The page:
8. Epigenomics and allergic disease

    PubMed Central

    Lockett, Gabrielle A; Patil, Veeresh K; Soto-Ramírez, Nelís; Ziyab, Ali H; Holloway, John W; Karmaus, Wilfried

    2014-01-01

    Allergic disease development is affected by both genes and the environment, and epigenetic mechanisms are hypothesized to mediate these environmental effects. In this article, we discuss the link between the environment, DNA methylation and allergic disease, as well as questions of causality inherent to analyses of DNA methylation. From the practical side, we describe characteristics of allergic phenotypes and contrast different epidemiologic study designs used in epigenetic research. We examine methodological considerations, how best to conduct preprocessing and analysis of DNA methylation data sets, and the latest methods, technologies and discoveries in this rapidly advancing field. DNA methylation and other epigenetic marks are firmly entwined with allergic disease, a link that may hold the basis for future allergic disease diagnosis and treatment. PMID:24283882

  9. Genetics of Allergic Diseases

    PubMed Central

    Ortiz, Romina A.; Barnes, Kathleen C.

    2015-01-01

    The allergic diseases are complex phenotypes for which a strong genetic basis has been firmly established. Genome-wide association studies (GWAS) has been widely employed in the field of allergic disease, and to date significant associations have been published for nearly 100 asthma genes/loci, in addition to multiple genes/loci for AD, AR and IgE levels, for which the overwhelming number of candidates are novel and have given a new appreciation for the role of innate as well as adaptive immune-response genes in allergic disease. A major outcome of GWAS in allergic disease has been the formation of national and international collaborations leading to consortia meta-analyses, and an appreciation for the specificity of genetic associations to sub-phenotypes of allergic disease. Molecular genetics has undergone a technological revolution, leading to next generation sequencing (NGS) strategies that are increasingly employed to hone in on the causal variants associated with allergic diseases. Unmet needs in the field include the inclusion of ethnically and racially diverse cohorts, and strategies for managing ‘big data’ that is an outcome of technological advances such as sequencing. PMID:25459575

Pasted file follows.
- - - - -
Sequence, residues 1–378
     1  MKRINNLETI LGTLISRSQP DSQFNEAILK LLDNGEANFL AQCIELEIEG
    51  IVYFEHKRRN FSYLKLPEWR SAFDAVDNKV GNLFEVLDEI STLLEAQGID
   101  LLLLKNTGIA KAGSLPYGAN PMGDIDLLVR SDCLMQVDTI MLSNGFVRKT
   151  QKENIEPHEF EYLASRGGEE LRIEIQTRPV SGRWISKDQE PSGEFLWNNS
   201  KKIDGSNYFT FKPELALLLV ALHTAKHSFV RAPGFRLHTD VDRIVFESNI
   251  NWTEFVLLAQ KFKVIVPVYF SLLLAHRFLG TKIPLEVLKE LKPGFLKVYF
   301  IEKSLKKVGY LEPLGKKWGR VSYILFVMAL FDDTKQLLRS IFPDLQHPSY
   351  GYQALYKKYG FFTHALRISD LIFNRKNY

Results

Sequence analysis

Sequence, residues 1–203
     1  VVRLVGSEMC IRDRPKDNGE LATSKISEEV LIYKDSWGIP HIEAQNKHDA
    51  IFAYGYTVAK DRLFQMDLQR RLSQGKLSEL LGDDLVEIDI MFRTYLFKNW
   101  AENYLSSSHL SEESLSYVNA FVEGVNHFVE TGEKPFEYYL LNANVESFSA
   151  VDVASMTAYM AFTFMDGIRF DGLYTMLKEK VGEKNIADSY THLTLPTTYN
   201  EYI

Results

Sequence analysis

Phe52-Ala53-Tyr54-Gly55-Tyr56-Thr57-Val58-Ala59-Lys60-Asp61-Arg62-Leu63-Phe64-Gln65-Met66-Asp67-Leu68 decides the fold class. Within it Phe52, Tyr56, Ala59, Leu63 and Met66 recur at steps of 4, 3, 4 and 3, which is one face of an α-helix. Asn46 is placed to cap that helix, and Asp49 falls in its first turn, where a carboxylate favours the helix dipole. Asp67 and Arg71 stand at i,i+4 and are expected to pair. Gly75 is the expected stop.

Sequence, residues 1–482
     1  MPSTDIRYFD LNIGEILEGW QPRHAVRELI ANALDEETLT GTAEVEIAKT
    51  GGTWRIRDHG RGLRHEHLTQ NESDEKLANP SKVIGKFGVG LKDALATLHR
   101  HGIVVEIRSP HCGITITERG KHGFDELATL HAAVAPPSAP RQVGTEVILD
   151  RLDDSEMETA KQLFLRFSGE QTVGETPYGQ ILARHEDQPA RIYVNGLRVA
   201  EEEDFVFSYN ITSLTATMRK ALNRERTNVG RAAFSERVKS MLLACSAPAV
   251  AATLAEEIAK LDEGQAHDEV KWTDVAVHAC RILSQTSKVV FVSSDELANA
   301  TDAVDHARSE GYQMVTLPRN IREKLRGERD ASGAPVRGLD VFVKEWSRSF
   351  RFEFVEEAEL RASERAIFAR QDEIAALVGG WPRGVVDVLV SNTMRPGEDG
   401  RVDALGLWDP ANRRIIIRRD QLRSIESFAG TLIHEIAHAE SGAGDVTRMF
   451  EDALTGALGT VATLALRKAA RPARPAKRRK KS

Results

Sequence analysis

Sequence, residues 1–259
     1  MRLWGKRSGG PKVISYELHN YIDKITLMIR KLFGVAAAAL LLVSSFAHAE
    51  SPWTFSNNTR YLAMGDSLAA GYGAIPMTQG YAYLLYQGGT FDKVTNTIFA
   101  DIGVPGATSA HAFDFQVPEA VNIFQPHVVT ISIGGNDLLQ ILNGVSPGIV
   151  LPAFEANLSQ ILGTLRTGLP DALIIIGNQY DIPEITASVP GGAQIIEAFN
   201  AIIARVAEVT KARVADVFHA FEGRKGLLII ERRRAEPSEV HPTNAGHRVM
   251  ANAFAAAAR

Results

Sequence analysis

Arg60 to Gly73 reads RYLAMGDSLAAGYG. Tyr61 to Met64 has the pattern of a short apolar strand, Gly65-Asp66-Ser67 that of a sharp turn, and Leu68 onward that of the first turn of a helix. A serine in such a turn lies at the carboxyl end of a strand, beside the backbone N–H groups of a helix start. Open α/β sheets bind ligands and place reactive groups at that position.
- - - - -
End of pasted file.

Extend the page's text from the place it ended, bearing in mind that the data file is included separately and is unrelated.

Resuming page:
10. Oleanolic acid controls allergic and inflammatory responses in experimental allergic conjunctivitis.

    PubMed

    Córdova, Claudia; Gutiérrez, Beatriz; Martínez-García, Carmen; Martín, Rubén; Gallego-Muñoz, Patricia; Hernández, Marita; Nieto, María L

    2014-01-01

    Pollen is the most common aeroallergen to cause seasonal conjunctivitis. The result of allergen exposure is a strong Th2-mediated response along with conjunctival mast cell degranulation and eosinophilic infiltration. Oleanolic acid (OA) is natural a triterpene that displays strong anti-inflammatory and immunomodulatory properties being an active anti-allergic molecule on hypersensitivity reaction models. However, its effect on inflammatory ocular disorders including conjunctivitis, has not yet been addressed. Hence, using a Ragweed pollen (RWP)-specific allergic conjunctivitis (EAC) mouse model we study here whether OA could modify responses associated to allergic processes. We found that OA treatment restricted mast cell degranulation and infiltration of eosinophils in conjunctival tissue and decreased allergen-specific Igs levels in EAC mice. Th2-type cytokines, secreted phospholipase A2 type-IIA (sPLA2-IIA), and chemokines levels were also significantly diminished in the conjunctiva and serum of OA-treated EAC mice. Moreover, OA treatment also suppressed RWP-specific T-cell proliferation. In vitro studies, on relevant cells of the allergic process, revealed that OA reduced the proliferative and migratory response, as well as the synthesis of proinflammatory mediators on EoL-1 eosinophils and RBL-2H3 mast cells exposed to allergic and/or crucial inflammatory stimuli such as RWP, sPLA2-IIA or eotaxin. Taken together, these findings demonstrate the beneficial activity of OA in ocular allergic processes and may provide a new intervention strategy and potential therapy for allergic diseases.

  11. Regulatory T cells in allergic diseases.

    PubMed

    Noval Rivas, Magali; Chatila, Talal A

    2016-09-01

    The pathogenesis of allergic diseases entails an ineffective tolerogenic immune response to allergens. Regulatory T (Treg) cells play a key role in sustaining immune tolerance to allergens, yet mechanisms by which Treg cells fail to maintain tolerance in patients with allergic diseases are not well understood. We review current concepts and established mechanisms regarding how Treg cells regulate different components of allergen-triggered immune responses to promote and maintain tolerance. We will also discuss more recent advances that emphasize the "dual" functionality of Treg cells in patients with allergic diseases: how Treg cells are essential in promoting tolerance to allergens but also how a proallergic inflammatory environment can skew Treg cells toward a pathogenic phenotype that aggravates and perpetuates disease. These advances highlight opportunities for novel therapeutic strategies that aim to re-establish tolerance in patients with chronic allergic diseases by promoting Treg cell stability and function. PMID:27596705